Position: Passing-game coordinator/quarterbacks
Last stop: UCLA, 2017-20 (passing game coordinator/wide receivers)
First stop: Illinois Wesleyan, 2002-03 (defensive backs coach)
Connection to Fisch: Fisch and Dougherty worked together twice previously, at Michigan in 2016 and at UCLA in ’17. Fisch views Dougherty as the coach who knows him and his offensive philosophy best.
Notable: Dougherty is the son of a coach, Tim Dougherty, who’s the defensive coordinator at Hamilton High School in Chandler. Jimmie Dougherty played quarterback at Missouri, where he passed for 1,344 yards and four touchdowns in parts of three seasons.
He said it: “It’s been my whole life, being around football teams, being on sidelines, being in locker rooms. Football’s so important to me. My faith, my family and football are really the three things that I’m about.” — Dougherty
Position: Linebackers/special teams
Last stop: Michigan, 2020 (defensive analyst)
First stop: University of New Haven, 1991-93 (outside linebackers)
Connection to Fisch: The connection is through Brown. Dudzinski and Brown first worked together at Brown University in 1996 and later at Massachusetts, Northeastern and Michigan.
Notable: Dudzinski has served as a defensive coordinator at four schools. At two of those places, Northeastern and Massachusetts, Brown was the head coach.
He said it: “He’s a hard coach, but I like that. I feel like he’s always trying to push me to be better. He’s going to demand max effort.” — UA linebacker/safety Christian Young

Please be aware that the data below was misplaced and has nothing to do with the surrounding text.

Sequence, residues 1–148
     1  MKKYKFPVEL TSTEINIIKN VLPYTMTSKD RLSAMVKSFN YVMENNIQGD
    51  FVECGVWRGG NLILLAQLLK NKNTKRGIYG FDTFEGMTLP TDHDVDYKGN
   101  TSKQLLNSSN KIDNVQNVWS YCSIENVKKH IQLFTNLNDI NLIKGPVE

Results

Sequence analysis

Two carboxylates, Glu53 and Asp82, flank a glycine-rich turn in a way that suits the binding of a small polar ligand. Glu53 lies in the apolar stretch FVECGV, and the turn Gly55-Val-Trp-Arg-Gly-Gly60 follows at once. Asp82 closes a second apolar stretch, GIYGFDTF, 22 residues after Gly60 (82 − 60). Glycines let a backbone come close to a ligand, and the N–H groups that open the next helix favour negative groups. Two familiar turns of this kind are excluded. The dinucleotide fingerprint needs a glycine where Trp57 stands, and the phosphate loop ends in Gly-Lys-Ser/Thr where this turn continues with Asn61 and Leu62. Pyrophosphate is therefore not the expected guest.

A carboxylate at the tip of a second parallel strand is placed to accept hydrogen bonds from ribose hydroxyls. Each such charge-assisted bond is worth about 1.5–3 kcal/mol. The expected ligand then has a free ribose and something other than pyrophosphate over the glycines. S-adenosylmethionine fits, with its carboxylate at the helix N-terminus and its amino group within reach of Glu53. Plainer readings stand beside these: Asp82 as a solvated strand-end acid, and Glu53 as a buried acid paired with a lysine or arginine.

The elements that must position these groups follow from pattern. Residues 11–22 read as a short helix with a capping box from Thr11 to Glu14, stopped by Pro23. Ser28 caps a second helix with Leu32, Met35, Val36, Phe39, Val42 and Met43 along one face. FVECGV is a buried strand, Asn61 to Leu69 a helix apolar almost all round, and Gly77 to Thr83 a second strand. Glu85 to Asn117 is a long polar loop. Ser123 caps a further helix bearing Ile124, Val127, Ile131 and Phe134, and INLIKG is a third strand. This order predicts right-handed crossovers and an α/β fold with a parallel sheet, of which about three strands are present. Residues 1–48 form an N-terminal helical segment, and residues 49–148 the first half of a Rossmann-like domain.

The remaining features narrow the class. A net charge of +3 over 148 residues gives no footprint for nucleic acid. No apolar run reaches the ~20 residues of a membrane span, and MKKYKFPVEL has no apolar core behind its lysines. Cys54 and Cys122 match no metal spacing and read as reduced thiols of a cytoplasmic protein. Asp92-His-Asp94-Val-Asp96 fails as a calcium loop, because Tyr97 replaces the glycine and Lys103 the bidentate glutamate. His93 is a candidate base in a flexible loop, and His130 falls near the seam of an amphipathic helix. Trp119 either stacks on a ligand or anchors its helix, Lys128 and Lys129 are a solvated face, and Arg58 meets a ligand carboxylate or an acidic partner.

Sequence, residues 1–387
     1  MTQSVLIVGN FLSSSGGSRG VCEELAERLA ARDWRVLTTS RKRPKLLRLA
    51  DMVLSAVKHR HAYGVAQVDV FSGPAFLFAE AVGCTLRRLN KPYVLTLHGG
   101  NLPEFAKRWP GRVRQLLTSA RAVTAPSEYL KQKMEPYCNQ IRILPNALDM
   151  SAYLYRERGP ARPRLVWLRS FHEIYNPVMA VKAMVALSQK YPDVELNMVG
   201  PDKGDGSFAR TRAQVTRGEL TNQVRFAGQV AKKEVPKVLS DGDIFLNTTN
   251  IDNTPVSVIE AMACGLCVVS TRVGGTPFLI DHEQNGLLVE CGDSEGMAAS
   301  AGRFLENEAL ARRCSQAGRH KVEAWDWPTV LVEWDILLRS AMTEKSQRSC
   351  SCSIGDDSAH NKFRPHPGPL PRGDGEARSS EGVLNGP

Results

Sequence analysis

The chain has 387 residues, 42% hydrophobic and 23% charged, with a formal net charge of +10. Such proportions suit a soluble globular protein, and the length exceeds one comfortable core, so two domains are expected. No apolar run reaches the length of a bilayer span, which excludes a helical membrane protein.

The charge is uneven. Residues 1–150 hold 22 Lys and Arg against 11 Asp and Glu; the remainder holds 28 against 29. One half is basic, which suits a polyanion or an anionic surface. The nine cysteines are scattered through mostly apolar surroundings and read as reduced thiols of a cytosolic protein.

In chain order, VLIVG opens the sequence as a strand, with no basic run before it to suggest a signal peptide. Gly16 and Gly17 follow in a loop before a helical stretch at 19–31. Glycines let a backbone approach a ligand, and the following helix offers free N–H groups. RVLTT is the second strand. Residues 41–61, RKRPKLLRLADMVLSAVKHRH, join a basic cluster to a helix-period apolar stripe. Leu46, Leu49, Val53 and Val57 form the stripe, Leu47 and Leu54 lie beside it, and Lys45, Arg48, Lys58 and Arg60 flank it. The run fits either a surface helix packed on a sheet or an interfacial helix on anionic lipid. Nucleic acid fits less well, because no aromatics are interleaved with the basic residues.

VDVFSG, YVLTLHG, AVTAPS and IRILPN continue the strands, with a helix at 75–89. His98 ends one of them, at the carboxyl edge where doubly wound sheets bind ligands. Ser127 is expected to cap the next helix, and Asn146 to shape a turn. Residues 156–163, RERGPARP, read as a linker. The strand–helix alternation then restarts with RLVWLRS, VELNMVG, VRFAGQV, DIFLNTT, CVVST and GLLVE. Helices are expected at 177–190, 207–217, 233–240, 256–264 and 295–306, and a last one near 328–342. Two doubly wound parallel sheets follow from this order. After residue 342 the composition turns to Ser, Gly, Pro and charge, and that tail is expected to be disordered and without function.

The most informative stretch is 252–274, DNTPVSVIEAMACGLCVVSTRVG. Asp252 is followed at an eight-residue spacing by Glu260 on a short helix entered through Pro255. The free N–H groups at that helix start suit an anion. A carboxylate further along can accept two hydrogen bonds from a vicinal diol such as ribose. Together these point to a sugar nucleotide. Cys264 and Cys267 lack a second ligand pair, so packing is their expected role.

Position: Running backs
Last stop: Arizona State, 2015-20 (senior associate athletic director for student-athlete development and welfare)
First stop: NFL Players Association, 1998-2014 (regional director/director of player engagement)
Connection to Fisch: Since this is Graham’s first year as a full-time coach, there is no direct link. So how about this: Graham spent his rookie season in the NFL, 1992, with the New York Jets. The Jets’ defensive coordinator that year? Pete Carroll.
Notable: Graham was a team captain at Ohio State, where he rushed for 1,768 yards and 19 touchdowns from 1988-91. He rushed for 1,267 yards and seven TDs across six NFL seasons (1992-97) and never lost a fumble.
He said it: “He’s a phenomenal human being, a phenomenal leader, a great mentor to the kids. He knows what it looks like, knows what it feels like. (He) takes a personal relationship with every recruit and every player he has.” — Fisch